January 03, 2017
2 min read

Mobile apps support self-management, may prevent future ‘diabetes dropout’

You've successfully added to your alerts. You will receive an email when new content is published.

Click Here to Manage Email Alerts

We were unable to process your request. Please try again later. If you continue to have this issue please contact customerservice@slackinc.com.

Patients with diabetes who have dropped out of diabetic care may be suitable candidates for mobile technologies that support self-management, which may prevent future dropout, according to findings from a cross-sectional study.

“Dropout rates of diabetes patients are undesirably high, and preventing dropout is crucial because it is likely to result in poor glycemic control and [a] higher risk of complications,” Satoko Yamaguchi, of the department of Ubiquitous Health Informatics at the University of Tokyo Graduate School of Medicine, and colleagues wrote. Recent studies have shown that [mobile health] technologies are effective in improving glycemic control and medication adherence in diabetes patients ... however, it has not been determined whether patients who have previously dropped out could be suitable candidates for [mobile health] since patients’ willingness to engage in [mobile health] would be crucial.”

Yamaguchi and colleagues analyzed data from 307 patients with both type 1 (n = 16) and type 2 diabetes (n = 291) who regularly visited the outpatient unit at the University of Tokyo Hospital between August 2014 and March 2015 (mean age, 66 years; mean duration of diabetes, 15.4 years; 52 with previous mobile health experience). Researchers collected data through in-person interviews and medical records; patients were shown a mobile health app called DialBetics as an example, and asked about their willingness to use such an application. Patients were asked if they had ever discontinued their diabetes care; dropout was defined as intentional interruption of regular visits to the doctor (occasional medication nonadherence was not considered as dropout).

Kayo Waki
Kayo Waki

Within the cohort, 34 patients (11.1%) had previously dropped out from diabetic care. Researchers found that previous use of a mobile health app was a negative predictor of dropout (OR = 0.211; 95% CI, 0.055-0.81). In addition, patients who had previously dropped out of diabetic care were more likely to express willingness to use a mobile app vs. those who had not previously dropped out of care (79.4% vs. 54.4%; P = .002). Results persisted after adjustment for diabetes duration, family history, alcohol consumption and physical activity (OR = 3.87; 95% CI, 1.540-9.76). “A multivariate analysis found that a history of dropout was a strong predictor of willingness to use mobile health,” Kayo Waki, MD, MPH, PhD, associate professor in the department of ubiquitous health informatics at the University of Tokyo Graduate School of Medicine, told Endocrine Today. “It was not the background factors affecting dropout, but dropout itself that was associated with willingness.”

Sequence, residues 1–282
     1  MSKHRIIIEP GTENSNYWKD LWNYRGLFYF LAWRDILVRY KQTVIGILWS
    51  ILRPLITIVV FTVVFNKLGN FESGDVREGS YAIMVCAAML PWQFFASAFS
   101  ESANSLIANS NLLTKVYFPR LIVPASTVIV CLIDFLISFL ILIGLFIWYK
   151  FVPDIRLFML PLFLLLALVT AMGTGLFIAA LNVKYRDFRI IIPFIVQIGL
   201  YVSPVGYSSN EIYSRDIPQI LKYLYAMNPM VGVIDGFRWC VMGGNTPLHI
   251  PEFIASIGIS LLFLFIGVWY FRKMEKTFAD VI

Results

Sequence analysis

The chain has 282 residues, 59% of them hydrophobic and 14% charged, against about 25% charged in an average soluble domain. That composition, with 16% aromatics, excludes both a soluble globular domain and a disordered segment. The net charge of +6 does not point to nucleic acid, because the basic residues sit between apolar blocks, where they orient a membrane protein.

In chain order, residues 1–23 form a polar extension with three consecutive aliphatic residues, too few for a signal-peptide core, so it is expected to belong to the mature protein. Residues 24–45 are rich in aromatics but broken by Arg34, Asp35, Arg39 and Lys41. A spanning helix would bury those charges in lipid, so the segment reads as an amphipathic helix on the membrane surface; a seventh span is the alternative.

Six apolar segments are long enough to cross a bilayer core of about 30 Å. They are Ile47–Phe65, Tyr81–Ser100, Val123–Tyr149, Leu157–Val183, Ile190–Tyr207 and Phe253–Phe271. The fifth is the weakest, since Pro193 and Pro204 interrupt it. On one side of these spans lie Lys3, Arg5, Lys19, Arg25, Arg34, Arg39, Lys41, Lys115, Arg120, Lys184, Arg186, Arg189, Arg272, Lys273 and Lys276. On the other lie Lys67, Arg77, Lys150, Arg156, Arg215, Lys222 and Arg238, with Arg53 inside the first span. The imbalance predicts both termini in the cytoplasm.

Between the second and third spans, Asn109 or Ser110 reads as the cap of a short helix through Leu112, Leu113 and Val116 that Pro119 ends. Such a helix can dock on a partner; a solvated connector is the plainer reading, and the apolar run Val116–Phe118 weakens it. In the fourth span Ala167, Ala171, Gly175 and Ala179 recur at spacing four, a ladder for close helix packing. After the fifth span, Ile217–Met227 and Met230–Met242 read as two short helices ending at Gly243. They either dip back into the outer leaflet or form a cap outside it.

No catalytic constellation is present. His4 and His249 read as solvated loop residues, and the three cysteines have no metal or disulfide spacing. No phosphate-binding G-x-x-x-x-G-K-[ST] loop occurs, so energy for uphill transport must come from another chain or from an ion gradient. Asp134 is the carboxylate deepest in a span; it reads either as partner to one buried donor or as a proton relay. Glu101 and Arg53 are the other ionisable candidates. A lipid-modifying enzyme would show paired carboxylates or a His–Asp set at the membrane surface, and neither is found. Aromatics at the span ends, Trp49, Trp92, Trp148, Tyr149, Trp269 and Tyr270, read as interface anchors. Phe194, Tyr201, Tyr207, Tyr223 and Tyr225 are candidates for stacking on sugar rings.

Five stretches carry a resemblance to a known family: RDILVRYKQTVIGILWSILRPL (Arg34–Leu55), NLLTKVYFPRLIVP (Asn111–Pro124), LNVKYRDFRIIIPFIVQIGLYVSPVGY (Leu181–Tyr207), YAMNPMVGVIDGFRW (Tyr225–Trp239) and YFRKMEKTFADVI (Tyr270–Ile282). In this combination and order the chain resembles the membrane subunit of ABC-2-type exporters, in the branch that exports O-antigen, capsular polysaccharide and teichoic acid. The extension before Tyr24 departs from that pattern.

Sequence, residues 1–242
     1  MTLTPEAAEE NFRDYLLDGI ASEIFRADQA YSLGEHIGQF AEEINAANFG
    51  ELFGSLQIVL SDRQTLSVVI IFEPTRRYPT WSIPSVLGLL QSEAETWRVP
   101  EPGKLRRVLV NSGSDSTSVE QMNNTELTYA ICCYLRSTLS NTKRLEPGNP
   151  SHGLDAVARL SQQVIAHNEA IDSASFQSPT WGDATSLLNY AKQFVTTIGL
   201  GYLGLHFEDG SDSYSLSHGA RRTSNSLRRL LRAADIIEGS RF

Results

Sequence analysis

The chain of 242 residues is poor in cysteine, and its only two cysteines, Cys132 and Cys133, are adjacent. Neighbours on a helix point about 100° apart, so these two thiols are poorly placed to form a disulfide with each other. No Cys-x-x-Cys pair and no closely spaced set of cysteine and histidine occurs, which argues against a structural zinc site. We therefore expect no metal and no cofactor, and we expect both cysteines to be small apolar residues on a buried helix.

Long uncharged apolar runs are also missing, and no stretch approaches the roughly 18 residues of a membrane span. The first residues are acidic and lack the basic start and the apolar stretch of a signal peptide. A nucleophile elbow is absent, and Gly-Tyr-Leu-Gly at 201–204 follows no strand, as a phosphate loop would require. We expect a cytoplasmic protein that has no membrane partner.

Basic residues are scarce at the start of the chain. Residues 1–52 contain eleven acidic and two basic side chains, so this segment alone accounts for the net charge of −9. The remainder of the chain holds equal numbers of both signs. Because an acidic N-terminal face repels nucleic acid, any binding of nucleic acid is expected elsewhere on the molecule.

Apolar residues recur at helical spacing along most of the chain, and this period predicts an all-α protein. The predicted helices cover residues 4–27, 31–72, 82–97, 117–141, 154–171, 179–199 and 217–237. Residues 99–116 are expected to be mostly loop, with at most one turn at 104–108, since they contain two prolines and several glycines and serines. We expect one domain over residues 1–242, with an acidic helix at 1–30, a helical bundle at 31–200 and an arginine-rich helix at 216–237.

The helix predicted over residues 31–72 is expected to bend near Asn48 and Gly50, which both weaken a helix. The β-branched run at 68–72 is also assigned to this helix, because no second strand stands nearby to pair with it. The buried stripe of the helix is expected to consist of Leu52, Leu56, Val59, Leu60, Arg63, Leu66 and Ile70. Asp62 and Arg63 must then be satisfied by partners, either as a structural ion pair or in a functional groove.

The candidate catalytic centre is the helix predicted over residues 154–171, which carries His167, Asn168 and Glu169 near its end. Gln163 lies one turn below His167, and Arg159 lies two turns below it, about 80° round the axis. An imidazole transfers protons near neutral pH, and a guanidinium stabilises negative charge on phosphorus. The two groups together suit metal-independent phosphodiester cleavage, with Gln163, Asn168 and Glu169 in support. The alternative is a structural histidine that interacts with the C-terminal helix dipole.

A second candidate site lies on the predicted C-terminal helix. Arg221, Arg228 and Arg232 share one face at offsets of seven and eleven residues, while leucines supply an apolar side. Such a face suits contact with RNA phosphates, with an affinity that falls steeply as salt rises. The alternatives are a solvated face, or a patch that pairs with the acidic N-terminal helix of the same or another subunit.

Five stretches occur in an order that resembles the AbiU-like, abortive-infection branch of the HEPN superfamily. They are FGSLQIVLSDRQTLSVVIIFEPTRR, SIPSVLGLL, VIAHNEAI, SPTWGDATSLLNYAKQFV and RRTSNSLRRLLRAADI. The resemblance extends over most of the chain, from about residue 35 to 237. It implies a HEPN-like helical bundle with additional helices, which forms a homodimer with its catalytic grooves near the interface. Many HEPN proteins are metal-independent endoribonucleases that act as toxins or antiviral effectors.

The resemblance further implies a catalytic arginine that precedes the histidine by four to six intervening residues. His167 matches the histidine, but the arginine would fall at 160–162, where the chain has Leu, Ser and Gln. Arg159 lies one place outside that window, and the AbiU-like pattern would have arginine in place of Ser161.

Patients who had previously dropped out of care cited lack of perceived necessity (35.3%), being too busy with work (26.5%), relocation (11.8%), other diseases (5.9%) and a poor relationship with the physician (5.9%) as reasons for discontinuing care.

“Physicians and diabetes care provider should consider mobile health as one of the options of diabetes care for patients with diabetes who are at high risk of dropping out of care,” Waki said. “Further study is needed for measuring clinical effects — especially to evaluate whether long-term compliance and glucose control is improved by mobile health among the targeted population of patients who dropped out.” –by Regina Schaffer

For more information:

Kayo Waki, MD, MPH, PhD, can be reached at the University of Tokyo Graduate School of Medicine, 7-3-1 Hongo, Bunkyo-ku, Tokyo, Japan; email: kwaki-tky@umin.ac.jp.

Disclosure: This study was funded by NTT DOCOMO.